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World Of Wrestling: The Physics of Fun

If you haven’t been following along with my WIP thread on BGG, then you may not be aware that I’m in the final phases of getting my new wrestling game ready for release. So, for those not in the know, let me give you the quick pitch.

World of Wrestling, much like Techno Bowl: Arcade Football Unplugged, is a sports entertainment board game that takes it’s inspiration not just from the sport itself, but also from the video games that I feel are the best representations of the genre. For the core gameplay experience, I’m talking about console classics like: WCW vs NWO World Tour, WCW vs NWO Revenge, Wrestlemania 2000, WWF No Mercy, and Fire Pro Wrestling World. I’ve also sprinkled in a bit of the colors and style from arcade classic Wrestlefest, brawler Saturday Night Slam Masters, and even made a couple of nods to NES Pro Wrestling.

Using these references as a starting point gives me the advantage of having some very specific gaming tropes that can be used as familiar bases/concepts that players will immediately recognize and feel comfortable with, and that translates into easily learned and internalized mechanisms and interactions on the tabletop keeping the initial rules overhead very low. Those familiar bases in-turn provide a framework that allow for some creative and exciting new systems to be crafted and interact with the core gameplay loop in ways to provide a one-of-a-kind experience.

Up to this point, we’ve covered the high level system basics like managing your health, stamina, and crowd meters and using excite actions to pump up the crowd. We’ve also delved into triggering/utilizing the excitement of the crowd to perform movements, Irish Whips to ropes and turnbuckles, and basic strikes. We also established the base of the physics engine with the status effects stunned, staggered, and knocked down.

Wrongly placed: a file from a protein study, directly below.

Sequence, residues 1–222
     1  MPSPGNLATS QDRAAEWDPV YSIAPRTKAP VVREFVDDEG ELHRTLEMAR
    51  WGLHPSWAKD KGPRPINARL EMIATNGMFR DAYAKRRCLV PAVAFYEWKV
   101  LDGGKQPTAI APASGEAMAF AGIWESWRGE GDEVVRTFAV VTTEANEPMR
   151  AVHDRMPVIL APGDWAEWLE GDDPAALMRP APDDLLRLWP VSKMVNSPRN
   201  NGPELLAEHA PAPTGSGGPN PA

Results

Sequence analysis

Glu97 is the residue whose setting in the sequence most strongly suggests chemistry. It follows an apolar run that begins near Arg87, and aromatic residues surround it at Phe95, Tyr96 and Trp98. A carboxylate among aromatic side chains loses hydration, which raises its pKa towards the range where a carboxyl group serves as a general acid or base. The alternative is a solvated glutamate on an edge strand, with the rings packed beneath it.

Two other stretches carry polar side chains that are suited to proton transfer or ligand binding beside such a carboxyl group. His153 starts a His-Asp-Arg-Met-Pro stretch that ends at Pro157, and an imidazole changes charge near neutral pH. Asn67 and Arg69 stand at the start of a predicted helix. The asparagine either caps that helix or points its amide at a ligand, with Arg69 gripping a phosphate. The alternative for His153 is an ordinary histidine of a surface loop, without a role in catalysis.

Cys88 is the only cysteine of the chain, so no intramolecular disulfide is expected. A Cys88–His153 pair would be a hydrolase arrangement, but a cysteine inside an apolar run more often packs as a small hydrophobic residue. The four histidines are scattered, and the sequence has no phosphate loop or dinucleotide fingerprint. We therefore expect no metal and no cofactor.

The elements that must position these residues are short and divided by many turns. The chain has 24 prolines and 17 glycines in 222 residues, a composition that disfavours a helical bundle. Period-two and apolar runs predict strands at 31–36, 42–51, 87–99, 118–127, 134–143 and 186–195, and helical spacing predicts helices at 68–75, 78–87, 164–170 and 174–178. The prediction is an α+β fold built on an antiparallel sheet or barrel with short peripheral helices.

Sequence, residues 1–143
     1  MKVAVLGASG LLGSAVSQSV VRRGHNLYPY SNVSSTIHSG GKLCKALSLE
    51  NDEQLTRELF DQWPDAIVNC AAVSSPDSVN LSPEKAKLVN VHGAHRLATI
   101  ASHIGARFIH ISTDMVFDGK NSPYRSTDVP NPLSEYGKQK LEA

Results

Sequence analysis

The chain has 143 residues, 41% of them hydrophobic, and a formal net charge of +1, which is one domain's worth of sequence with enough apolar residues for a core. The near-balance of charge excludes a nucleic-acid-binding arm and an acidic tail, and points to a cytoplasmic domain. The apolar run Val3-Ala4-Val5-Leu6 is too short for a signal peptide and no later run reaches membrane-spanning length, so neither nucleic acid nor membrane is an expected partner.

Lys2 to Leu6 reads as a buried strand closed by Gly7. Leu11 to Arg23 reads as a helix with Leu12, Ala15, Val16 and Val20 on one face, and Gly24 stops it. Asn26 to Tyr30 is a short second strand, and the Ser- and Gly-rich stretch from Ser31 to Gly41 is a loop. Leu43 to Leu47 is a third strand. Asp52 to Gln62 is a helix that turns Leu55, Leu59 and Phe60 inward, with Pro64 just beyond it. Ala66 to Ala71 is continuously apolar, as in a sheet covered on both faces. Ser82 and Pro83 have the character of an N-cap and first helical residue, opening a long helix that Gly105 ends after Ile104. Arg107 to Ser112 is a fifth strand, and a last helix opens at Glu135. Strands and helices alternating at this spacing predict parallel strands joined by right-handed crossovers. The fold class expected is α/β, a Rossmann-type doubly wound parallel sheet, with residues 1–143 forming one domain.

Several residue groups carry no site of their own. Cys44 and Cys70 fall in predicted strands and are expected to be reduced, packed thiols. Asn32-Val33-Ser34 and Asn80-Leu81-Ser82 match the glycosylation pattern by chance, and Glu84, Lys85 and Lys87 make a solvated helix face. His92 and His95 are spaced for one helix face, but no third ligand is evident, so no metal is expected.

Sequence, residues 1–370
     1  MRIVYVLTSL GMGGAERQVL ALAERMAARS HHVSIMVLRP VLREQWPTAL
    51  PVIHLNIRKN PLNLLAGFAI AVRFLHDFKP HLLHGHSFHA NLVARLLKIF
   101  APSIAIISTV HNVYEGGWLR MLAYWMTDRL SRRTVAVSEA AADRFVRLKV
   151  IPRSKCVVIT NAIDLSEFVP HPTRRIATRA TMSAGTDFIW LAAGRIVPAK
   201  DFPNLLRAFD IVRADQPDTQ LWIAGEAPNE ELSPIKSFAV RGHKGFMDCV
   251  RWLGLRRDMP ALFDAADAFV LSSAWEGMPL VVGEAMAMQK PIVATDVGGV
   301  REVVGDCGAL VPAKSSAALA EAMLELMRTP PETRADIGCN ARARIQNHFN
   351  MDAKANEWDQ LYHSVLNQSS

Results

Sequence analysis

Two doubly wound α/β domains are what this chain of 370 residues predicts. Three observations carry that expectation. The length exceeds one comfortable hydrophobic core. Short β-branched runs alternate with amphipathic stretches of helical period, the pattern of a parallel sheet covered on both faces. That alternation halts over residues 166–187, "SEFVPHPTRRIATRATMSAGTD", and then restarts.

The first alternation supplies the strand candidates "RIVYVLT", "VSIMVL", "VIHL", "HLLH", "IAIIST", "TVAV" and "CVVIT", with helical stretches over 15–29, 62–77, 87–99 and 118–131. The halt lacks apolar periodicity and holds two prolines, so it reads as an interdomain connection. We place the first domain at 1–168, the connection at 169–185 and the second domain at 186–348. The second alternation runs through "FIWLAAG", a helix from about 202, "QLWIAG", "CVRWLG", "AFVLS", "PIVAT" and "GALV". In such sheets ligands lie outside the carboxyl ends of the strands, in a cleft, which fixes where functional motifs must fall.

All of that brings us to our topic of discussion for today, and it starts with this question: what made those games so revolutionary at the time and just plain fun and addictive to play? Any article that you read on this subject will say it was the revolutionary grappling system that changed everything in wrestling video game design, and that’s true. But the reason it was revolutionary is that the system finally allowed players to have real control over their wrestlers to perform a variety of moves and not just button mash like an arcade brawler. The grappling system combined with fantastic move animations made for a winning formula. So, what am I trying to say here?

Wrestling is 101% real! At least 101%. And being a professional wrestler is 200% about the moves!! It’s just math.

Moves. It’s all about the moves brother!

But, how do you translate moves and move animations to the tabletop? You could just abstract it as crowd meter combinations and damage, and that would be… fine. I guess.<yawn> Game design, however, isn’t just about abstractions, it’s about the right abstraction for the intended experience. This is where we build our physics engine. 😉

For this build to be a success, there are several design goals that need to be targeted and realized:

  • Create “animations” that visually convey the wrestling moves that are being emulated.
  • Performing these moves/animations needs to create interesting tactical and strategic decisions.  
  • The haptics of performing the moves needs to reinforce the design by, quite literally, feeling thematic and adding to the sense of play.
  • The moves need to obey the physics, rules, and tropes that are specific to pro wrestling.

Let’s check out the design.